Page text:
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AOSM2022: Seasonal and Spatial Changes in Hail Frequency and Associated Thermodynamic Mechanisms in WRF-HAILCAST Simulations
Section 1: Publication
Authorship or Presenters
Daniel Betancourt, John Hanesiak, Julian Brimelow, Yanping Li, Zhenhua Li, George Liu
Seasonal and Spatial Changes in Hail Frequency and Associated Thermodynamic Mechanisms in WRF-HAILCAST Simulations
Hydrometeorology, Atmosphere and Extremes
Daniel Betancourt, John Hanesiak, Julian Brimelow, Yanping Li, Zhenhua Li, George Liu (2022). Seasonal and Spatial Changes in Hail Frequency and Associated Thermodynamic Mechanisms in WRF-HAILCAST Simulations. Proceedings of the GWF Annual Open Science Meeting, May 16-18, 2022.
AOSM2022 Climate-related precipitation extremes; Pillar 3
Section 2: Abstract
Plain Language Summary
Hail is a destructive severe weather phenomena that can cause considerable damage to property and agricultural crops. It is therefore important to understand current patterns in the occurrence of severe hail, and how these may shift in the future due to anthropogenic warming. In this study, a coupled cloud-hail and hail-growth model (HAILCAST) was forced with high resolution (4 km) convective-permitting Weather Research and Forecasting (WRF) model output in a control (CTRL) simulation and Pseudo-Global Warming (PGW) scenario for the period 2000-2013 over the Northern Plains and Canadian Prairies. The PGW approach involves applying future climate perturbations derived from CMIP5 to the lateral and initial boundary conditions (ERA-Interim) of the WRF-CTRL simulation [Liu et al., Climate Dyn., 49, 71-95 (2017)]. As such, it allows for an evaluation of thermodynamic drivers on the changes in occurrence of severe weather parameters including hail. Competing processes – greater moisture and instability on one hand, and higher temperatures aloft (leading to increased thermodynamic capping) result in considerable heterogeneity in terms of hail increases versus decreases across the region. Additionally, these different scenarios appear to be organized spatially and seasonally - with increases in hail frequency outpacing decreases during the shoulder seasons, and the opposite during the late summer. Thermodynamic driving mechanisms are examined.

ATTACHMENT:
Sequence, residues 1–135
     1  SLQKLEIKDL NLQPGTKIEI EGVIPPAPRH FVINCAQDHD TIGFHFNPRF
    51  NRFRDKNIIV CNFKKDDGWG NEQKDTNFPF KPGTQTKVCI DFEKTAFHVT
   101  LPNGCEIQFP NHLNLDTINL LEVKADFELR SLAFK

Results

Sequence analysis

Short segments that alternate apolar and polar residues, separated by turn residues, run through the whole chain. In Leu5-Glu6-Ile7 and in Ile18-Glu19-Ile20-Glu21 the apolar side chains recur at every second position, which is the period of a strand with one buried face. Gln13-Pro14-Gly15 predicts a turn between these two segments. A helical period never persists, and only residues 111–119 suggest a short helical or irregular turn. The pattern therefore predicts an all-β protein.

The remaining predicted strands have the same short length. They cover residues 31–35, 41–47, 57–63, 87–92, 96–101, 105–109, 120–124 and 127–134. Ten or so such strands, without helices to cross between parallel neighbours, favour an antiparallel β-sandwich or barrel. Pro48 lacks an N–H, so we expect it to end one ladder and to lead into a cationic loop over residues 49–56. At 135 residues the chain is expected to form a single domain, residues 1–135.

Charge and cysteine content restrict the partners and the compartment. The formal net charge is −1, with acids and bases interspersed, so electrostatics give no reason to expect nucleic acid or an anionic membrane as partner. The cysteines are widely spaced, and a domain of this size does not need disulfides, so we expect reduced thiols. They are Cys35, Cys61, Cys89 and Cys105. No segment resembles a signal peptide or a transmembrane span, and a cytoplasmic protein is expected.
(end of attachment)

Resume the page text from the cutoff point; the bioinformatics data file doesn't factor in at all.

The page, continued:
Section 3: Miscellany
University of Manitoba, Department of Environment and Geography, Centre for Earth Observation Science
First Author: Daniel Betancourt, University of Manitoba, Department of Environment and Geography, Centre for Earth Observation Science
Additional Authors: John Hanesiak, University of Manitoba, Department of Environment and Geography, Centre for Earth Observation Science, Julian Brimelow, Meteorological Service of Canada, Environment and Climate Change Canada, Yanping Li, University of Saskatchewan, Zhenhua Li, University of Saskatchewan, George Liu, University of Manitoba, Department of Environment and Geography
Section 4: Download
T-2022-04-24-E1DM9GqyqDUmw8jnH6d6xmA Conference Publication 1.0